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Posted By On November 22, 2004 @ 11:30 AM In Uncategorized | No Comments
Note: Please be advised that this tip will vary quite a bit depending on the computer and video adapter. In some cases, you can not even adjust your refresh rate. Now on to the tip…
Is your computer screen is giving you sore eyes? Is there anything you can do besides adjusting the brightness and looking away from it like you’re supposed to?
Well, you might try speeding up your “refresh rate.”
Some people experience eyestrain, headaches, and fuzzy vision when looking at their computer screens, especially if the screens are CRT’s (Cathode Ray Tubes – the chunky, TV-like screens). A CRT has ray guns that make the pixels (or dots) of the screen glow by hitting them with an electron beam. The pixels then begin to fade, but are “refreshed” by the beam 60 times or more per second. The refresh rate is represented by hertz (for example: 60 Hz).
60 Hz is considered low these days and 72 Hz is the minimum recommended to reduce flickering. But did you know that even the kind of flickering you can’t “see” is processed by your brain and can fatigue your eyes?
Some people say that making your refresh rate too high will wear out your screen over time. Make sure that your brand and type of screen are represented correctly in your software and you probably won’t be allowed to make a Hz choice too fast for your screen to handle. I’ll show you how to check for that now.
1. Checking to see that your screen brand and model number are represented correctly: First, go to any unused part of your desktop and right-click . Click the left button of your mouse on Properties. Click on the tab that says Monitor , or perhaps the tab actually has the brand name of a screen instead.
Make sure the brand and model stated there match those of the screen you’re using.
If your screen is not represented correctly, you can choose Change and follow the directions of the Installation Wizard.
You want your computer to recognize what screen you own so that your software won’t let you set your refresh rate too high. Older computers may not have the ability to automatically restrict the settings, so if you can dig up the owner’s manual that came with your screen, take a look at it. The manual will tell you what refresh rates your screen can handle at different resolutions. (See an example of such a guide in the Notes section below.)
2. Write down your current resolution settings: Again, go to any unused part of your desktop and right-click . When you get the menu, click on Video Modes or Display Modes . A selection of resolutions/video modes will appear, with a check mark by the one you’re currently using. Write down that resolution number on a piece of paper in case you decide later that you liked your original settings the best.
3. Find your refresh rate: Once again, right click on a blank part of your desktop and select Properties . Then chose the “Settings” tab.
Now click on the Advanced button. You’ll get a whole new set of tabs. Chose Adapter .
And now you’ve finally reached the elusive refresh rate settings! Your current setting will appear in the slim window titled Refresh Rate. (Go ahead and write this setting down, next to your video modes/resolution number, in case you need it later.)
Right click on the arrow next to the refresh rate window, and you’ll see your other choices, such as “Adapter,” “60 Hz,” “72 Hz,” and so on.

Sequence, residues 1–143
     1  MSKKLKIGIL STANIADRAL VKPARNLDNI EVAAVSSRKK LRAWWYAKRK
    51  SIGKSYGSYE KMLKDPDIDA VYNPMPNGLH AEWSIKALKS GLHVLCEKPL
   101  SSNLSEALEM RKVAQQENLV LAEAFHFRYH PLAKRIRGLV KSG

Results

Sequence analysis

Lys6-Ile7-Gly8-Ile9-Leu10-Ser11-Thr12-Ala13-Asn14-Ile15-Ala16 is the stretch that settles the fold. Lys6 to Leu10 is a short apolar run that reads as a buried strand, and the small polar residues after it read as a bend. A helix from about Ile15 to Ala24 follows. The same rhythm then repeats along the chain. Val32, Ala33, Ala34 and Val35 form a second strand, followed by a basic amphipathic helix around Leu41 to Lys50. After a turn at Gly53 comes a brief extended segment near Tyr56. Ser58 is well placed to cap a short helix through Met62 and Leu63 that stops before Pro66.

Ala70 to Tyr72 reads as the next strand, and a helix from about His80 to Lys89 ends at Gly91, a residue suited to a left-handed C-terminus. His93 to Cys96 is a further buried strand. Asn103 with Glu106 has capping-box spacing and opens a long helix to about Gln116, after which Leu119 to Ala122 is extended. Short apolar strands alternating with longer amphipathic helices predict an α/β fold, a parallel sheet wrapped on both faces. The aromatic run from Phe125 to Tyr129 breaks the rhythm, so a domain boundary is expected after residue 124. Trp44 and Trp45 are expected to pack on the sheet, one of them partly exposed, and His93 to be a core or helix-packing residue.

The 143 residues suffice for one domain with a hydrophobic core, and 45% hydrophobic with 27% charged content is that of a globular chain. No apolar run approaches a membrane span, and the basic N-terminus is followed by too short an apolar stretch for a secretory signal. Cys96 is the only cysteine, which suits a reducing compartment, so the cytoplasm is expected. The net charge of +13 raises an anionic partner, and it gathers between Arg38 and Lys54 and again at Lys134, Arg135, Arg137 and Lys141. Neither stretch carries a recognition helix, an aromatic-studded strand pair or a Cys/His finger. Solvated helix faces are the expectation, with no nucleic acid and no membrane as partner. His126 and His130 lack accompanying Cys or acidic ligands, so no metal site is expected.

4. Chose another refresh rate: Move the colored bar to the refresh rate you’d like to try. Then click on Apply . Now, a warning might pop-up. If you’ve done step one, and/or checked the owner’s manual for your screen, you’ll be fine. Just choose OK.
The screen will go blank for a moment, but it will come back a bit different (though perhaps not noticeably so, at first).
If you don’t choose Apply in a moment or two, the screen Hz/Refresh rate setting will revert to what it was before. So if the picture looks terrible, just wait and it will automatically go back to the old setting.
Once you’ve changed your refresh rate, you can try out the new settings for a while, and see if your eyes feel any better.
1. Perhaps choosing a faster refresh rate has caused the display area on your screen to shrink, and now you see a thick black border around your picture.
On the bottom of your monitor (perhaps behind a panel) are real-life buttons you can press. A menu will come onto the screen, and you should choose the option that has up, down, right, and left arrows.
After stretching the display, if you don’t like what you see, you can repeat steps three and four above, and choose the refresh rate that you had to begin with (remember, you wrote it down!)
2. If you’ve chosen a sharp, high Video Mode/Resolution (such as 1600 x 1200), refreshing it at a fast pace (85 Hz, for example) will take more effort from those cathode ray guns than a lower, less demanding resolution (800×600). Some combinations officially “work,” but you won’t like the look of them (your desktop items will be too small, or things will look fuzzy). For instructions on how to change your Video Mode/Resolution, see your Monitor’s manual.
The size of your screen will limit how fast you can set your refresh rate and/or how high you can set your resolution. Here’s a table from a screen manual that shows the best combinations of refresh rates/Hz with Video Mode/Resolution:
3. Florescent lights flicker – even the ones that claim to be “flicker free”! Sometimes, I switch on my lights and their flicker matches the refresh rate of my computer. The screen then seems to vibrate which is terribly annoying. If this happens to you, turn your office lights off and on to get the two flicker systems off the same pattern.
~ Leslie Richardson, Dallas, Texas
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